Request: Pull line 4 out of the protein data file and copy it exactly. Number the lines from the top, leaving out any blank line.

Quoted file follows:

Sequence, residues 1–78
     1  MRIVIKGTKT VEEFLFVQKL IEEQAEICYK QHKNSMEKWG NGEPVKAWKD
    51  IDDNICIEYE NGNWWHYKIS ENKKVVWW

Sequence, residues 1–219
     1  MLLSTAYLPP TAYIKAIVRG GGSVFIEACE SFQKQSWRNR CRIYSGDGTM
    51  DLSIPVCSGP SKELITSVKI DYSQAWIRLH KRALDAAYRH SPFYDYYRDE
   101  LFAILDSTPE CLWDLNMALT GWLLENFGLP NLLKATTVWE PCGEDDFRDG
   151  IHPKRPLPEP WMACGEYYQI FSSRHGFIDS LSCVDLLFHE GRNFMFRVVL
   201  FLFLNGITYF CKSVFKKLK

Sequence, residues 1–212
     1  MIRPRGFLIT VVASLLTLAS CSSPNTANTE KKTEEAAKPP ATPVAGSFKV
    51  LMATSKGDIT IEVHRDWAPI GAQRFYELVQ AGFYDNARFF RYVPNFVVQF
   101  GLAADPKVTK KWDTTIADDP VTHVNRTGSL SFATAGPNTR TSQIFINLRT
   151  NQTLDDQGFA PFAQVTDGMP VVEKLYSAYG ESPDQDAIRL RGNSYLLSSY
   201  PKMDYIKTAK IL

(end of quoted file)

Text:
Sequence, residues 1–219